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Donkin on Work - Training & Development

December 2006 - Leitch review and a new training agenda

The Leitch Review of Skills received a warm welcome from business last week for its emphasis on creating relevant skills in the workplace by giving employers greater influence over vocational qualifications and training.

Instead of providing headline grabbing material, Lord Leitch produced a considered report that sought to build on what he acknowledged were “important strengths” within the current system – excellent higher education, supported by an increasingly effective school system and good vocational training initiatives.

The big worry for employers is that in spite of these plaudits, the report made it clear that the UK’s skills were still falling short of those it considered to be “world class” in order to compete among the very best.

The Leitch report has laid out some broad challenges and goals for raising UK skills levels. Sensibly it has focussed on foundation skills aimed at raising functional literacy and numeracy from 85 per cent and 80 per cent respectively today, to 95 per cent of working age adults by 2020.

In the same way it has set ambitious but necessary targets for minimum adult educational attainment while calling for a doubling of apprenticeships to 500,000 and seeking high level skills among much larger proportions of the population than exist at present.

Too much training in the past has been rooted in practice and theory that has not kept up with changing demands of competition. Today these demands must be matched against the continuing need for traditional learning.

It is right, for example, that conservative approaches in schools should maintain concerns for joined-up writing. But today such important skills in literacy must be accompanied by dexterity in keyboard use.

The national curriculum continues to ignore proficiency in handling the qwerty keyboard yet almost every child in the country is regularly working keyboards in the classroom from an early age. It would take one week of solid training, every single day, to master touch-typing that would be retained for life.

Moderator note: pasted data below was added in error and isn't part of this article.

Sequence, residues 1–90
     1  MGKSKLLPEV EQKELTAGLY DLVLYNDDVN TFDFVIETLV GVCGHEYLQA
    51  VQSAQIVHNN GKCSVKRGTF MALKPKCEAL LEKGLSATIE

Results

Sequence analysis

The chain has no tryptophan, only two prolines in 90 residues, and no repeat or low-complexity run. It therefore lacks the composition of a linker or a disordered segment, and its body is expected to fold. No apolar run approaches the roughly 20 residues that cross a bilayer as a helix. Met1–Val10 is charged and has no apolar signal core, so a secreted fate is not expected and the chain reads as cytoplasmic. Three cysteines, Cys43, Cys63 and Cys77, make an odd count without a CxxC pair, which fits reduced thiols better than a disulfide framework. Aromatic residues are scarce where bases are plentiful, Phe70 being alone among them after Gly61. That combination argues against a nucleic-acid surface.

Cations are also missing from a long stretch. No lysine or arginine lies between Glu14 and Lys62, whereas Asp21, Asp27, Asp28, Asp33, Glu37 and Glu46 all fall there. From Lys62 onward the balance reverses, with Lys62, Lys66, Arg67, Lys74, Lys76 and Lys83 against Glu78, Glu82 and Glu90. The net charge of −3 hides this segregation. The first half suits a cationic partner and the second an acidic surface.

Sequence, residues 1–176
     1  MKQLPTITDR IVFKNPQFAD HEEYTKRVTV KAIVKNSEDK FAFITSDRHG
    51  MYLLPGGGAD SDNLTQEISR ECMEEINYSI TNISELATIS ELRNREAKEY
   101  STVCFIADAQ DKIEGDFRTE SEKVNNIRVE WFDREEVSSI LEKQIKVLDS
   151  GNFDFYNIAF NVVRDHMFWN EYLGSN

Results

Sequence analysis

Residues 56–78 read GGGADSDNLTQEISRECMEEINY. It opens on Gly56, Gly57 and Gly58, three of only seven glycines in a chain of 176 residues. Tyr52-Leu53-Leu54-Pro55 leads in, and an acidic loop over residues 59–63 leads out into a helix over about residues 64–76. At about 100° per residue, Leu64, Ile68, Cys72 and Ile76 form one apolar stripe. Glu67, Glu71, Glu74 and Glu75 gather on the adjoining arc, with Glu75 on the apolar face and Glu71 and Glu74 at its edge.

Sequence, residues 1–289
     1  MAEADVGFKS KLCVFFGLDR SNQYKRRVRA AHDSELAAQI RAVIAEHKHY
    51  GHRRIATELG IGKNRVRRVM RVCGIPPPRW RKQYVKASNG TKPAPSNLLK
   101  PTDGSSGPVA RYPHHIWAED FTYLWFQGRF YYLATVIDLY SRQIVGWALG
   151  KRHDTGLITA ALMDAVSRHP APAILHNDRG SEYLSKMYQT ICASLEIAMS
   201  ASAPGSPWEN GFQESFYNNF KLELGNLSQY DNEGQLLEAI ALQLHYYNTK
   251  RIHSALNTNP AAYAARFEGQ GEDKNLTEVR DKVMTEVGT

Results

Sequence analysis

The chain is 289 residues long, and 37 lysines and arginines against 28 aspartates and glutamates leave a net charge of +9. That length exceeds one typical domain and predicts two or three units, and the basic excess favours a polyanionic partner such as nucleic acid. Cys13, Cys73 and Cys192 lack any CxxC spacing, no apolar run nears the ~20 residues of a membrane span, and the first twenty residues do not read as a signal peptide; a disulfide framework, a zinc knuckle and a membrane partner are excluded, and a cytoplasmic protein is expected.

Shorthand, invaluable in learning, can be achieved just as readily. But convention prevails, just as it does in the teaching of traditional subjects such as history and geography. Is knowledge of Woodrow Wilson’s 14 points at the Treaty of Versailles more useful to me than an understanding of J M W Turner’s influence on the Impressionists?

It could be argued that neither matters much when checking the price of apples on the counter at Tesco’s. But an education should amount to more than churning out factory fodder.

Sadly, where newer subjects have been added to the curriculum, too often they have followed trendy interests such as “media studies”. The content of such courses is laughable within the media where sound English and analytical skills are far more highly prized.

My youngest son is taking a qualification at his secondary school called the European Computer Driving Licence, a basic course in computer skills. It has been introduced as a voluntary add-on to curricular studies and carries an extra fee. He is learning some new things but most of the skills he has picked up already either at his previous school or through trial and error while working on his home computer.

A course such as this should not be optional. Schools and teachers need to be given the scope to adapt more nimbly to changes in information technology. Whether we acknowledge it or not, children are learning new skills all the time and delighting in abilities they have learned through choice rather than compulsion.